Just when I was out of the restaurant and thought I had reached freedom for good, it appeared I had exchanged one prison cell for another. I began to panic that I was never going to be able to write again. Then I began to panic that I had made a terrible mistake quitting the one position I worked so hard to achieve. And then in classic form, I began panicking about panicking. And that was when it was all over.
Since I turned fourteen, I have been no stranger to mental illness. These days, I consider myself to be somewhat of a Power Ranger when it comes to battling depression. After spending the better part of seven years with a personal daily forecast that never changed from overcast, I have become quite savvy when it comes to knowing exactly what to do when the clouds roll in. The second my bottle of red wine starts tasting hopeless with a finishing note of despair, I put the cork back in and get to the gym before it is too late.
Anxiety, on the other hand, is a much different beast. If Anxiety and depression were partners in crime, then in my life experience, Anxiety is the trickier and more cutting of the two. With lightning speed and stealth precision, I have never been able to sense Anxiety coming as much as jump out of the bed in the middle of the night in terror with the realization that it is already here.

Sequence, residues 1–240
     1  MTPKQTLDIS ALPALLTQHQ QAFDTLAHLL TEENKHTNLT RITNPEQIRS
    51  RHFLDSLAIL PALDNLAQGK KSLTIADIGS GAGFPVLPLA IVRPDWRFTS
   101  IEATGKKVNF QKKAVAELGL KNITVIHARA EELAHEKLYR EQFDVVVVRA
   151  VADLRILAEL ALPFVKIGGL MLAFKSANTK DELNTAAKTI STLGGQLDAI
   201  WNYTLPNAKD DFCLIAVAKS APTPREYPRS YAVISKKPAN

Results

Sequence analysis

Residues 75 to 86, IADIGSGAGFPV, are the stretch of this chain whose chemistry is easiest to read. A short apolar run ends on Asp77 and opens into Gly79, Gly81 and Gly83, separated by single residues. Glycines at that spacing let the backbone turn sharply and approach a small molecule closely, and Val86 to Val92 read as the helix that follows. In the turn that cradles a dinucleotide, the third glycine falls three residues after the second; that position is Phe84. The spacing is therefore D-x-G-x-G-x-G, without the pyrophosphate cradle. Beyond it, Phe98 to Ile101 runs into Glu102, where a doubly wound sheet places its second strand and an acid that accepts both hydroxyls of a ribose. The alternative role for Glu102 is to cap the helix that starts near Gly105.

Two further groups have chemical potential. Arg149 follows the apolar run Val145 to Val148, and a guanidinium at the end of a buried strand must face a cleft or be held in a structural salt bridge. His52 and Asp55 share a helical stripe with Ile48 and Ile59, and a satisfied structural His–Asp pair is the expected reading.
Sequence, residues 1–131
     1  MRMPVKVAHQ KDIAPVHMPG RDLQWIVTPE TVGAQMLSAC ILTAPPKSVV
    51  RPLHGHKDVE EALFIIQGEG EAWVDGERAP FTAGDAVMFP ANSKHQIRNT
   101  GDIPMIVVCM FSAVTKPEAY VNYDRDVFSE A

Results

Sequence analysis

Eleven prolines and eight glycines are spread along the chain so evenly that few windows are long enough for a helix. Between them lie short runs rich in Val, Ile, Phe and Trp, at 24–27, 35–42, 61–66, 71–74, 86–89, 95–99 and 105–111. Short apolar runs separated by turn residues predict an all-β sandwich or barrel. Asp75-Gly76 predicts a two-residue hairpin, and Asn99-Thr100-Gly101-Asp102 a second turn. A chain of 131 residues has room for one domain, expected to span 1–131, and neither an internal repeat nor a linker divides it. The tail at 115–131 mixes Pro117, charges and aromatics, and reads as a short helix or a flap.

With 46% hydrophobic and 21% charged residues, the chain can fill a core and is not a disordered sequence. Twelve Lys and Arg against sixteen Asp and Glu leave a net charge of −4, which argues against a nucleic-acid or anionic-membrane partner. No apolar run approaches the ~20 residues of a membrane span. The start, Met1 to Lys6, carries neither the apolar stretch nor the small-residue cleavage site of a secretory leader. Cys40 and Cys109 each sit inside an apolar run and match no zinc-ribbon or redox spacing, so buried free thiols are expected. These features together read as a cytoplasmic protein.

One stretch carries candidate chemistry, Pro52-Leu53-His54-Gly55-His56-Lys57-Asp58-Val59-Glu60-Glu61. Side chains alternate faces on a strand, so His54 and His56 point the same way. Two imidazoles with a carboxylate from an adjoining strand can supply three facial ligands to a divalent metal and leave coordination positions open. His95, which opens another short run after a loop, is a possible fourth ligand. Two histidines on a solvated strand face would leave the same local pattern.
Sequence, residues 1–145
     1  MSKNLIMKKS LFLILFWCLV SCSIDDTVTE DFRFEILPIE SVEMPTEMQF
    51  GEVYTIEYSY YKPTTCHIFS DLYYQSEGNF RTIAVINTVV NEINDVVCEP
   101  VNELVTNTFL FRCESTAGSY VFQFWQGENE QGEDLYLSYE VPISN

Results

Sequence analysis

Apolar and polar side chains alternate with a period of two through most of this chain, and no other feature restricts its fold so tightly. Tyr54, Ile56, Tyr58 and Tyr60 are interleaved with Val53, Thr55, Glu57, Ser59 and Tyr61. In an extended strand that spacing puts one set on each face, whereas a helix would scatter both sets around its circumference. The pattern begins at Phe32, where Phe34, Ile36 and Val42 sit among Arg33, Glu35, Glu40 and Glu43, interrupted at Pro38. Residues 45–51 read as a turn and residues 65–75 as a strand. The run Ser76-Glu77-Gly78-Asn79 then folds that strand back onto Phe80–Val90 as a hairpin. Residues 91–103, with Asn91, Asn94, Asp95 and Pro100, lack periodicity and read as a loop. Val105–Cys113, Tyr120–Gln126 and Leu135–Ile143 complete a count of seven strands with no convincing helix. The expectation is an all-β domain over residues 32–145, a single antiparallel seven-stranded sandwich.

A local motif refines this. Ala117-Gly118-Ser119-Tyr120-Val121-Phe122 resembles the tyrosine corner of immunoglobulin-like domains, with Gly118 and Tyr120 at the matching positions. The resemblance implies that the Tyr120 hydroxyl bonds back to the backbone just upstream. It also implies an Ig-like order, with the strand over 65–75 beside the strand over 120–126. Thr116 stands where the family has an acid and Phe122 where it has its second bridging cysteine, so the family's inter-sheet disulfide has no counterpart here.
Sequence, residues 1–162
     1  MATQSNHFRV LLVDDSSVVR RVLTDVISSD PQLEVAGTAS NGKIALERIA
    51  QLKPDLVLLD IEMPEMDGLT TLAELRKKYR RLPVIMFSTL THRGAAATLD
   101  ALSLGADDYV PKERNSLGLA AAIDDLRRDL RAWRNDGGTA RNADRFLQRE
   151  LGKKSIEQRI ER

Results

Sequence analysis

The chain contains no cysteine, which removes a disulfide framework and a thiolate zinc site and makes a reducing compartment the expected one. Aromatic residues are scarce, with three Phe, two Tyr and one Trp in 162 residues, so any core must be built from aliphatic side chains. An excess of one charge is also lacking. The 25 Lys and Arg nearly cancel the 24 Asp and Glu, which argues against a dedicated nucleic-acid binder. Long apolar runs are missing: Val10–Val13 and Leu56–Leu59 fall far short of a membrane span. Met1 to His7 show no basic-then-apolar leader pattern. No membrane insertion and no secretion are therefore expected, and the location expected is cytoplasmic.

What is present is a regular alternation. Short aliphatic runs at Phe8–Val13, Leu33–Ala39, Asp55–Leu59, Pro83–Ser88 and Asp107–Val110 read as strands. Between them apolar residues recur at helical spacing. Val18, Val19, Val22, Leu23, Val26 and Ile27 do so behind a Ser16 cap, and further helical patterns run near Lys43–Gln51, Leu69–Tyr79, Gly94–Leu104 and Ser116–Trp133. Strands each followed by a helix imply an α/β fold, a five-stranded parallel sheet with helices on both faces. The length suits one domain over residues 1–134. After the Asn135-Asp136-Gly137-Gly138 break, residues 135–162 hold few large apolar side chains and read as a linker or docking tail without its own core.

When it does move into stay even the most logical part of my brain is paralyzed with irrational fear. With its power of manipulation, a simple afterthought turns into the worst-case-scenario. “Did I leave the light on?” a basic question on the drive to work becomes a flashing red light, “I am going to burn the house down.” “I wonder why he hasn’t texted me back yet?” a brief glance at the Samsung twists into “I said something terribly wrong and it's all over.”
For years, I managed to successfully keep this monster under lock and key while keeping myself busy at the restaurant. Every Friday and Saturday night around four o’clock, I would throw it a bone and have a mild panic attack before holding the door open to a severely overbooked house. The few times it did manage to get out, I would lock myself up inside the apartment with enough red wine to sedate a small town. At eleven thirty in the morning, I would be bumping into walls and praying to Meryl Streep that “this too shall pass.”